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(Drypool, 1834 - Cambridge, 1923) Mathematical and logical British who are diagrams that bear his name.

John Venn

Representation of propositions with diagrams Venn (table included in his book

John Venn

Member of a pious family, at the age of twenty-five was ordered priest and since 1862 taught as Professor of logic and philosophy of science at Cambridge, where he would reside until his death. To 1883, however, he abandoned the priesthood as incompatible with their philosophical beliefs Anglicanism.

Considered one of the creators of the mathematical logic, John Venn danaan for his research on inductive logic. He is especially known for his method of graphical representation of propositions (according to its quality and quantity) and syllogisms. The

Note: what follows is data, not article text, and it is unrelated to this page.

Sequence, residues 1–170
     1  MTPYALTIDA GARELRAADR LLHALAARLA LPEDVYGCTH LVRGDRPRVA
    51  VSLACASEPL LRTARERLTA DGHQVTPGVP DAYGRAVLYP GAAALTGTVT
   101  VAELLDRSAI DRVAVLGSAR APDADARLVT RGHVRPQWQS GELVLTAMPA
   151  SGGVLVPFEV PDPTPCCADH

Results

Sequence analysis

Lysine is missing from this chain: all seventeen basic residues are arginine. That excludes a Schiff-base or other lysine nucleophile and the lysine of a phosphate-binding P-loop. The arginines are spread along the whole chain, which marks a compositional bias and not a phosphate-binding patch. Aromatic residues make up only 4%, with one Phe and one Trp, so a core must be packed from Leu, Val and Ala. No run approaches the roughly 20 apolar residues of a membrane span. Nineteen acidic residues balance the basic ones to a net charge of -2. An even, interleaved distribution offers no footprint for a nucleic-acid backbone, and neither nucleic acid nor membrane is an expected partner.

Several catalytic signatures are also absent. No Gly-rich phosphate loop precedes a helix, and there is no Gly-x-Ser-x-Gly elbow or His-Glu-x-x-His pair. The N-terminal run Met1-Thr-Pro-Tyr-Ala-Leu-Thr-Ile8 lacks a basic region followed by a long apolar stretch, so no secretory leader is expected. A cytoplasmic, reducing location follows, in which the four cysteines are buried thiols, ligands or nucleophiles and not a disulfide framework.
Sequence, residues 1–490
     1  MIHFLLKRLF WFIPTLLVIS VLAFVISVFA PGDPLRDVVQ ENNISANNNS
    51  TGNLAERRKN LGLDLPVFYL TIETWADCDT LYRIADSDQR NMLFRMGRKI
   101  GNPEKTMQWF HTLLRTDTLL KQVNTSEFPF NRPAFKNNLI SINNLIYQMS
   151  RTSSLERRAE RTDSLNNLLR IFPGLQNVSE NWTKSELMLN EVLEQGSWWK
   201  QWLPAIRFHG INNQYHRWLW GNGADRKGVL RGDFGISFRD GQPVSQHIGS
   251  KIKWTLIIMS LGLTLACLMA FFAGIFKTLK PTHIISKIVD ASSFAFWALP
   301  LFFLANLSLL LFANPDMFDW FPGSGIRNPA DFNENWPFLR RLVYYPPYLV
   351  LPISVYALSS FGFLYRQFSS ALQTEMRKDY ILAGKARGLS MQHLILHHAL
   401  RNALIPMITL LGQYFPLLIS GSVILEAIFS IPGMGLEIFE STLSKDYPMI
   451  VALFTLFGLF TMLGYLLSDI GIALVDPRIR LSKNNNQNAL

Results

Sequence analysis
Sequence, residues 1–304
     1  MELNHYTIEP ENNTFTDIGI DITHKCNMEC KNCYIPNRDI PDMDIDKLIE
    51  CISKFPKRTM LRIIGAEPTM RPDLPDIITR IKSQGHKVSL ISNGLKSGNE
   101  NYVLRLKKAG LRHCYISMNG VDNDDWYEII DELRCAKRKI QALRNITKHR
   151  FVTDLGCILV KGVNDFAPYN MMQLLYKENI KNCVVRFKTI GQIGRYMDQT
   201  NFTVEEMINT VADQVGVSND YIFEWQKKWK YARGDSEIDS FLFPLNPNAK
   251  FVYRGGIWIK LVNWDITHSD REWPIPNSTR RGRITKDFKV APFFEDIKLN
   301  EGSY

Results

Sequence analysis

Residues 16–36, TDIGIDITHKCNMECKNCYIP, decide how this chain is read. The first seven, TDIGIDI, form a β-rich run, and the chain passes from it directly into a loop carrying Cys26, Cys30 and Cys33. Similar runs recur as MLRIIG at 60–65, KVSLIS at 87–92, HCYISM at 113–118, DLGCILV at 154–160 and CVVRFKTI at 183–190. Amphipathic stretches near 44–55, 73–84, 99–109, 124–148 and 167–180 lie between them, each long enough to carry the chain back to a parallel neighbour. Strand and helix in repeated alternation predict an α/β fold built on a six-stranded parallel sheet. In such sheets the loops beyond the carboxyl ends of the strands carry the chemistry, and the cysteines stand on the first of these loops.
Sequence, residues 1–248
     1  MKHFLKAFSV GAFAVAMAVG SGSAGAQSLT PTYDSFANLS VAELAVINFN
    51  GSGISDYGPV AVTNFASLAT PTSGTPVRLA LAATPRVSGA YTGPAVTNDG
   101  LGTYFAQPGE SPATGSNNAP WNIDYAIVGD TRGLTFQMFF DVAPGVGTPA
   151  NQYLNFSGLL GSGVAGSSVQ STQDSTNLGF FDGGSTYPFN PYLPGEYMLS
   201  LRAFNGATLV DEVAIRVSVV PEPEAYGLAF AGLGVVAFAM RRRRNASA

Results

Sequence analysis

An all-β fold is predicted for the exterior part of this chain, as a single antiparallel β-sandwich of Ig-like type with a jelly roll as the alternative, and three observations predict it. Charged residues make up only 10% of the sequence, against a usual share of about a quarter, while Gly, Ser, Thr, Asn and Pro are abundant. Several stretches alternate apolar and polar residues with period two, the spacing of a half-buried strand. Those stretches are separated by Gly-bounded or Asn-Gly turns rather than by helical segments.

*Venn diagrams*allow, in addition, a check of the truth or falsity of a syllogism.Representation of propositions with diagrams Venn (table included in his book

*symbolic logic*, 1881)

Later, and thanks to its clarity and simplicity, his diagrams became popular and were used to visually display the most basic operations of the theory of sets, developed from 1874 by Georg Cantor from the ideas of Bernhard Bolzano and perfected, already in the 20th century, by Ernst Zermelo.

The works of John Venn include

*random logic*(1866), which deals with the theory of probabilities;*Symbolic logic*(1881), which includes his famous diagram, and*the principles of empirical or inductive logic*(1889). Interestingly, in his later years he not delved into such matters, but that he devoted himself to studying history and the College was formed in which of the University of Cambridge, as well as his own family.